University of Tennessee at Chattanooga
Place of Publication
Research has identified potential difficulties for students enrolled in large classes. Large classes reduce opportunities for faculty-student interaction, which may predict decreased learning, retention rates, and student performance. It is therefore important to increase opportunities for faculty-student interaction. One successful tactic for increasing this interaction in large classes involves the utilization of undergraduate peers as class assistants. This manuscript describes the implementation of Undergraduate Learning Assistants (ULAs) in large sections of Introductory Psychology at Missouri State University, utilizing data collected prior to this manuscript. Further, this manuscript is a review of the implementation of ULAs at Missouri State submitted by students who have served in the position. ULAs mentor students, act as facilitators between the instructor and students, and lead study sessions before each unit exam outside of the classroom. While multiple positive outcomes have been observed by means of data collection and student feedback pertinent to learning outcomes and academic success, students also rated the ULAs and their study sessions as effective. Additionally, higher levels of course staff-student interaction has also been observed. Although related work has been published regarding the specific target domains of course redesign, this manuscript provides readers with information on how to implement ULAs with respect to each of the delineated target areas.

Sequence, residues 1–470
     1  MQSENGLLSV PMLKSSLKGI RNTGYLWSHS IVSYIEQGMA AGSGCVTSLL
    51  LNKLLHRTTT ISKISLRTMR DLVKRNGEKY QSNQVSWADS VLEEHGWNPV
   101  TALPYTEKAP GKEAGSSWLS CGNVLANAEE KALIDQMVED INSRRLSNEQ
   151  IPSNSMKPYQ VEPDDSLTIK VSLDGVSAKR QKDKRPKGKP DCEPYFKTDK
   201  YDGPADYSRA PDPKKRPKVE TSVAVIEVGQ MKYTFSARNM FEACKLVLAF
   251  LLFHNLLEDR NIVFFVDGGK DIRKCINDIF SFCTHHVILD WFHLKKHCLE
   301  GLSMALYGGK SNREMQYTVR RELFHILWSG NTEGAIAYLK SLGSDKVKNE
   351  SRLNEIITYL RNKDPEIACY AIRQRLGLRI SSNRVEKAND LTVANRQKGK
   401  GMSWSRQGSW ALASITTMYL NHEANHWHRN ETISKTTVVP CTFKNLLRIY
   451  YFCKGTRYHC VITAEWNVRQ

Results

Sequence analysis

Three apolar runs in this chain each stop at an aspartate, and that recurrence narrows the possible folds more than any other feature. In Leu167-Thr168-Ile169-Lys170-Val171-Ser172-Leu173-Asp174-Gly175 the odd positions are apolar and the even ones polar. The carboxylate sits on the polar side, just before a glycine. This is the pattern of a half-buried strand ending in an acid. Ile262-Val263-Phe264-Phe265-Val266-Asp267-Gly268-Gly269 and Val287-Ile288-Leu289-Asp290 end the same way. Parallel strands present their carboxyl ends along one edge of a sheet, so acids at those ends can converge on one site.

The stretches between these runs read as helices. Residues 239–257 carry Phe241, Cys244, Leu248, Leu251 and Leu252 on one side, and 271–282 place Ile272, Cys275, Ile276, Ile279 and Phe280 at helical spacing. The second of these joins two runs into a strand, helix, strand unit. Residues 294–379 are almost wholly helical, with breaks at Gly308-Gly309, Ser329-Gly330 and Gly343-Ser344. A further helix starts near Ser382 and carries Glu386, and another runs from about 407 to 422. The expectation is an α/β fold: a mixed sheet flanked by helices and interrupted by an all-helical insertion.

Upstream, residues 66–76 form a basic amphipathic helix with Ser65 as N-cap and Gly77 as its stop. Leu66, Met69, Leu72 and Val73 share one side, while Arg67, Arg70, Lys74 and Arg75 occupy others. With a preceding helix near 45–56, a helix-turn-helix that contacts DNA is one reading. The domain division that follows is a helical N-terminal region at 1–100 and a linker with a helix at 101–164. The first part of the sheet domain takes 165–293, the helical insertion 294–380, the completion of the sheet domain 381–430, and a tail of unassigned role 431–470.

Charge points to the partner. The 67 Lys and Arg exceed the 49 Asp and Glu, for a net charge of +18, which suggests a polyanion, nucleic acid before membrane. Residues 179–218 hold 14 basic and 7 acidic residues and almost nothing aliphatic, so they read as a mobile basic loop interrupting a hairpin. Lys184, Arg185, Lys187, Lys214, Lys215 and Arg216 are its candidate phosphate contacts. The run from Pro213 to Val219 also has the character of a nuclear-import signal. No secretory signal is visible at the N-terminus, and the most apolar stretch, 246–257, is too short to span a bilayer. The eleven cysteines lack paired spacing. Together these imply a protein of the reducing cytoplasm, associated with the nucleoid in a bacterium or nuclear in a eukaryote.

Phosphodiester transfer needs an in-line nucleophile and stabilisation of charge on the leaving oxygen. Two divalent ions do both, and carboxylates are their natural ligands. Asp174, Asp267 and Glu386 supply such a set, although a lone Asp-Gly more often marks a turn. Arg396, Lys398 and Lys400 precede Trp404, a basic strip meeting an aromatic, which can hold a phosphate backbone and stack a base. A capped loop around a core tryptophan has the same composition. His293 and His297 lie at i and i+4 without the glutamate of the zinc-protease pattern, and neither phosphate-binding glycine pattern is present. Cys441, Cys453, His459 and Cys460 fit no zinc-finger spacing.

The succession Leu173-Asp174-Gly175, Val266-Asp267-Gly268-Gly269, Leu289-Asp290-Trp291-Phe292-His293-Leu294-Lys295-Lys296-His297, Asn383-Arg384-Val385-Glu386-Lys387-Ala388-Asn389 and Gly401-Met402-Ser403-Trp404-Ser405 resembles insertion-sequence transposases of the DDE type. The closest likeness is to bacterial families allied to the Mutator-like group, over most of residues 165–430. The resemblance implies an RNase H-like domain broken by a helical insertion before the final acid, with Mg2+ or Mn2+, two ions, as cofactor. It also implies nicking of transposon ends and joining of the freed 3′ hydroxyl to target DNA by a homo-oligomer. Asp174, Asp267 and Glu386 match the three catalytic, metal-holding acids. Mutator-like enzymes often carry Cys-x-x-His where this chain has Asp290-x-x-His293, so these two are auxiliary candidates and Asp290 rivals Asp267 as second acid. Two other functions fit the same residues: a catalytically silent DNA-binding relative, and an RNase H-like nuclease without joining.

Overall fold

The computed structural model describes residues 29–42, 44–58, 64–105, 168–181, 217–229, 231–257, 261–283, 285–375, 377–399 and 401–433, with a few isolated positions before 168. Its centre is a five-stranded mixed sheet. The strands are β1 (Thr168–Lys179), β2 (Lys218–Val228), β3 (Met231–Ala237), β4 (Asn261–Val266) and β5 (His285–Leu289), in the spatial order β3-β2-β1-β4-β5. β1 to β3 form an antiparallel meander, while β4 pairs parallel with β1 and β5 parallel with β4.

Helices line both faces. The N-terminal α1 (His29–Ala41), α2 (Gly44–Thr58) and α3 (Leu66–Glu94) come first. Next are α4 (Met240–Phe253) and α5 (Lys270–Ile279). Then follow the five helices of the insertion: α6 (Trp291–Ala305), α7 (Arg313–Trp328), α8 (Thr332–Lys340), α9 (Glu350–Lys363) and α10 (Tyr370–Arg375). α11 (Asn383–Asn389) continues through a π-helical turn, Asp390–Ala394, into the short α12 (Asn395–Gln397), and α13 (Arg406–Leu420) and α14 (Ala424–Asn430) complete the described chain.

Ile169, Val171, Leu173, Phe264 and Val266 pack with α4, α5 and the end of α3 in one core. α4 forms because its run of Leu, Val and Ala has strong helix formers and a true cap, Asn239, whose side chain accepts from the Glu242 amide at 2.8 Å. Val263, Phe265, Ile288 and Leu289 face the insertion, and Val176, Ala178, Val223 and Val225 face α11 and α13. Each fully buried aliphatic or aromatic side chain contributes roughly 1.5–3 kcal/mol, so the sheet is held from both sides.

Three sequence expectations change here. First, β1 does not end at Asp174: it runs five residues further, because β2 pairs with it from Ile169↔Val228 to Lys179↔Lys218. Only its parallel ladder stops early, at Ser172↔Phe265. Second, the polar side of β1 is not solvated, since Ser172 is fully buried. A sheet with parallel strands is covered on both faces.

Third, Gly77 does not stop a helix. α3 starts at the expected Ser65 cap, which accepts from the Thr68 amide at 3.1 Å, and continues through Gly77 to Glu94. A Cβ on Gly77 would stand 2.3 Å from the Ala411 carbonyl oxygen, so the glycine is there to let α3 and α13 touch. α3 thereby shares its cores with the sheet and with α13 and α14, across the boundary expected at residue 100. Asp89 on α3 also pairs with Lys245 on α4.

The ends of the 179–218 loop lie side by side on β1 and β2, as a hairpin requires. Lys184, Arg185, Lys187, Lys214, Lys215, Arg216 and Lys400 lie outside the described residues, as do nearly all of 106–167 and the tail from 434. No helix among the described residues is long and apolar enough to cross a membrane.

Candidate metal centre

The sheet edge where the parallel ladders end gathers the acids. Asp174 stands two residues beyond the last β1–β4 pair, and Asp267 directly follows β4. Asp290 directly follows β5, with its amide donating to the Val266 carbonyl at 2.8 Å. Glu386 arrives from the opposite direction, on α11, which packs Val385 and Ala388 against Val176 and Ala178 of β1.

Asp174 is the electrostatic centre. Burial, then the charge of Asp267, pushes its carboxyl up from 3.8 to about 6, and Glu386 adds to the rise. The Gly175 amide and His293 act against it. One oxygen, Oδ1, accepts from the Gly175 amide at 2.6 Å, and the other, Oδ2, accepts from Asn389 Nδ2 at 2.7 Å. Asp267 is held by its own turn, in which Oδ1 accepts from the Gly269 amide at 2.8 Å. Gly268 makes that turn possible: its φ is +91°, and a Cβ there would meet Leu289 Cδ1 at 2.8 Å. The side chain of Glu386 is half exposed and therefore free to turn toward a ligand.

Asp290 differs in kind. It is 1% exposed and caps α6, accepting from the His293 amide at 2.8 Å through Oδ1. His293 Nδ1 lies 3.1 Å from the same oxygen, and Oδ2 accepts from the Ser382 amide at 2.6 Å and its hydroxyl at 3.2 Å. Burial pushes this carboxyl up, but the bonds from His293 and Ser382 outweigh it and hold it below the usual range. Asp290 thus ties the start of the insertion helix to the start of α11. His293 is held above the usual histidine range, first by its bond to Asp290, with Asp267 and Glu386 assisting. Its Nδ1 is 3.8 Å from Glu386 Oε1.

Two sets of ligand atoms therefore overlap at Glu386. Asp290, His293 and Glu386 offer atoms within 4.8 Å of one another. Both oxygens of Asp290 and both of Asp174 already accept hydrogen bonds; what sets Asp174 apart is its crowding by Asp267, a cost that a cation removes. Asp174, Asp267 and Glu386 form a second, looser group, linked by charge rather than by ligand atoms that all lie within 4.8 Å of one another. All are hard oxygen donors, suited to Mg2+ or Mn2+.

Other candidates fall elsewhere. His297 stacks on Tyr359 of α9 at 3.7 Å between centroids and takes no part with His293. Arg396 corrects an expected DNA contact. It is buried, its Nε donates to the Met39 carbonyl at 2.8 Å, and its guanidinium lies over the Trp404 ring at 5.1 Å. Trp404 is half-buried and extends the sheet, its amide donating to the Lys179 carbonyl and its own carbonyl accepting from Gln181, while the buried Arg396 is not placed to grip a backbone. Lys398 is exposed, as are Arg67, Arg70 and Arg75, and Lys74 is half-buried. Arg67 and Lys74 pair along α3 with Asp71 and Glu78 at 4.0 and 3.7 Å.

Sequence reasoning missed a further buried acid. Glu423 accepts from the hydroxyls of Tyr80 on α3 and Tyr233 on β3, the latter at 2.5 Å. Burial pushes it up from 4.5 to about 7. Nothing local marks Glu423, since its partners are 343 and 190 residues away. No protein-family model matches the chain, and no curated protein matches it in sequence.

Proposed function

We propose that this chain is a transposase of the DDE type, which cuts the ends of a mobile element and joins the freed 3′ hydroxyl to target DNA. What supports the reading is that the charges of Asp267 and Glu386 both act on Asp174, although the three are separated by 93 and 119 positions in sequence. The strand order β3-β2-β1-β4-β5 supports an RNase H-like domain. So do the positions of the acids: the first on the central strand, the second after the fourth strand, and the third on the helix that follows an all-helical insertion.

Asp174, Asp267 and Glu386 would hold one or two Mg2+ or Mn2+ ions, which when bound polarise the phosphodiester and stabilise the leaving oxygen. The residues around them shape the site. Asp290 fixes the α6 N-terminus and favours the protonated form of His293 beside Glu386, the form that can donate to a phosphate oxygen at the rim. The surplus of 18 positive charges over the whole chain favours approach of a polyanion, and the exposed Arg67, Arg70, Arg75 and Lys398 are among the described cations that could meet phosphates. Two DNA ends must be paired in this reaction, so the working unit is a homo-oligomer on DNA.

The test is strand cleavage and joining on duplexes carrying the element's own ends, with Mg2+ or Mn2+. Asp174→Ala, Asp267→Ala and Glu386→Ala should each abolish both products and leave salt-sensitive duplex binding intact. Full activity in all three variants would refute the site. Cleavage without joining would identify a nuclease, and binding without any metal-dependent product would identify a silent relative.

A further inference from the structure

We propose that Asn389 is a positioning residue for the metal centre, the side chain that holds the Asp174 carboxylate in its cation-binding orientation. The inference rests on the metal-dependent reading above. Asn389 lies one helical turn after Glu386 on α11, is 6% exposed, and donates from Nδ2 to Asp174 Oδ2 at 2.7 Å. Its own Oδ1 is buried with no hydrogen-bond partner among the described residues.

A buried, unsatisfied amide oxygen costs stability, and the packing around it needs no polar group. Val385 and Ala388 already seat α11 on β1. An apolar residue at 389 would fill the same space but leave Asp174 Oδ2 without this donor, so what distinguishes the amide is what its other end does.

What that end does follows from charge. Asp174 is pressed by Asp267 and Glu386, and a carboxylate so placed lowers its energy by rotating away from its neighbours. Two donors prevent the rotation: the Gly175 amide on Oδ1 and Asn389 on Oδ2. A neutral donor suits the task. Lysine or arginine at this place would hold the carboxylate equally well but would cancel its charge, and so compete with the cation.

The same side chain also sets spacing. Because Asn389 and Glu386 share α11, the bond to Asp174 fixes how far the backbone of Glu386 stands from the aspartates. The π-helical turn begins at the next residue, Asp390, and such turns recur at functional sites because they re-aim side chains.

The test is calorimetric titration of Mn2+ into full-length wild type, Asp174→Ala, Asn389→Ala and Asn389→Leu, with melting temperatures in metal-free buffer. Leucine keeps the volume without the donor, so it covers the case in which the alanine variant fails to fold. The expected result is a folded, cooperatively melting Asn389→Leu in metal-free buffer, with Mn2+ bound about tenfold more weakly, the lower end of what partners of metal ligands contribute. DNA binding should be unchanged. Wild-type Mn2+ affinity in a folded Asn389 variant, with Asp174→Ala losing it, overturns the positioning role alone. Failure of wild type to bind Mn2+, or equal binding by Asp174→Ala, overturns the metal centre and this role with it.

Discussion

Pavlacic, Jeffrey; Culp, Megan; Harvey, Summer; Cathey, Christie; and Buchanan, Erin
"Using Undergraduate Learning Assistants to Aid in Course Redesign,"
Modern Psychological Studies: Vol. 23
, Article 2.
Available at: https://scholar.utc.edu/mps/vol23/iss2/2